Feeling comfortable with the ice and wanting to make up some time, Tristen and I simul-climbed the pitch as Dane belayed us from above. We made it up to the anchor and quickly decided to simul-climb out of the Chevy and into the Ford.
We found a nice spot to delayer/drop some gear near an anchor at the bottom of the Ford Couloir and got ready for the last 1000′ of boot packing. We were a little behind schedule, so set a turnaround time of 1pm and pushed towards the top. Right after beginning the bootpack, we saw the group ahead of us down climbing the Ford. We worked our way up to them and asked what was up. They said they didn’t feel 100% comfortable with the conditions and were going to bail. We were disappointed for them, but didn’t have much time to waste. The sun was warming the snow a bit and we knew the window was closing on our day if we didn’t hurry. We cruised up the Ford in no time and quickly found ourselves on the East Face of the Grand, working our way through warm, soft snow. We finally reached the summit block at 12:35pm, just over 11hrs from leaving the truck.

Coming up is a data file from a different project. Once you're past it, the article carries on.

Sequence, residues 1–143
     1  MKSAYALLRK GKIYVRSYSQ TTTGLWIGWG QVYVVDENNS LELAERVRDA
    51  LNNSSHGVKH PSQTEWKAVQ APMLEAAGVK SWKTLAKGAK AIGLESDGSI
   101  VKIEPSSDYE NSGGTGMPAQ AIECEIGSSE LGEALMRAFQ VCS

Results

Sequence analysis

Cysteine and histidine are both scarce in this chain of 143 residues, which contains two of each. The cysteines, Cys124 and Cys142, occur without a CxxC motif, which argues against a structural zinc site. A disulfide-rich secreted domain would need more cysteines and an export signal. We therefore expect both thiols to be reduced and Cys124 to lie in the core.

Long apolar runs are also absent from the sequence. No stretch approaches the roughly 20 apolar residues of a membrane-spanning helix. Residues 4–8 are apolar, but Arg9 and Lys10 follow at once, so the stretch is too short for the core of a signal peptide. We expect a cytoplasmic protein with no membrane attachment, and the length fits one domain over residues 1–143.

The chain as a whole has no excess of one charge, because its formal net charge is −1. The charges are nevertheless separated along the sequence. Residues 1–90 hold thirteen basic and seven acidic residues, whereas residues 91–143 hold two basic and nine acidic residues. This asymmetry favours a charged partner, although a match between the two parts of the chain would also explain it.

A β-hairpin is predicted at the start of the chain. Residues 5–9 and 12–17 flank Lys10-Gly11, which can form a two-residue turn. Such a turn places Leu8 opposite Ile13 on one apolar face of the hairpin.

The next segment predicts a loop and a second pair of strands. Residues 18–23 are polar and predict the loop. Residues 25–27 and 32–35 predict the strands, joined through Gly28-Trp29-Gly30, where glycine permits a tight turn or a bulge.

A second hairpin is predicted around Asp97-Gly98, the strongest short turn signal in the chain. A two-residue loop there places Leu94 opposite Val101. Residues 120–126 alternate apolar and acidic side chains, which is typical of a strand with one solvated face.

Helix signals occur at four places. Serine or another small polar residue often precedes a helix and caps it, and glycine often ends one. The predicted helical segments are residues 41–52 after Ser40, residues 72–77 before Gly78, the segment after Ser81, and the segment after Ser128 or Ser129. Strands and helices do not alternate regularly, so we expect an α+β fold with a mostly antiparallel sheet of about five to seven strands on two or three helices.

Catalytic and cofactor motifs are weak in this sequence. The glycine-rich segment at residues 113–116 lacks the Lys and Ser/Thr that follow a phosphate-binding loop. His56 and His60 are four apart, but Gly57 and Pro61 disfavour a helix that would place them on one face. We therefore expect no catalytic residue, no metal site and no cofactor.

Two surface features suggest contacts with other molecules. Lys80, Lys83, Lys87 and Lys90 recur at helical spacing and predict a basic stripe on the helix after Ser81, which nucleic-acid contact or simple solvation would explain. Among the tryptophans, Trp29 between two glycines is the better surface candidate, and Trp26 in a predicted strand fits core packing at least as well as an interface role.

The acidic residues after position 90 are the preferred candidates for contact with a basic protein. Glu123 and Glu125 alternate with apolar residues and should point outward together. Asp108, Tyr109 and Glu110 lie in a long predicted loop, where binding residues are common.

Not having a bunch of time at the top of the Grand is something I’m used to, but I barely had time to snap a few pictures before we were starting down towards the East Face. We didn’t want to risk the snow warming anymore than it already had. Unlike other objectives, once done skiing, you are still in harms way until you exit the Stettner after numerous rappels. With this in mind, we skied down from the summit and worked our way onto the East Face. We felt good about the snow, but you never really know until you get onto the face. Dane made a few tentative turns up high and then took it all the way down to the lower entry into the Ford. The snow was surprisingly good on the East Face, with the sun warming the surface just enough to create some early season “corn”. We all had a blast skiing the East Face, which is a feeling not many will ever have.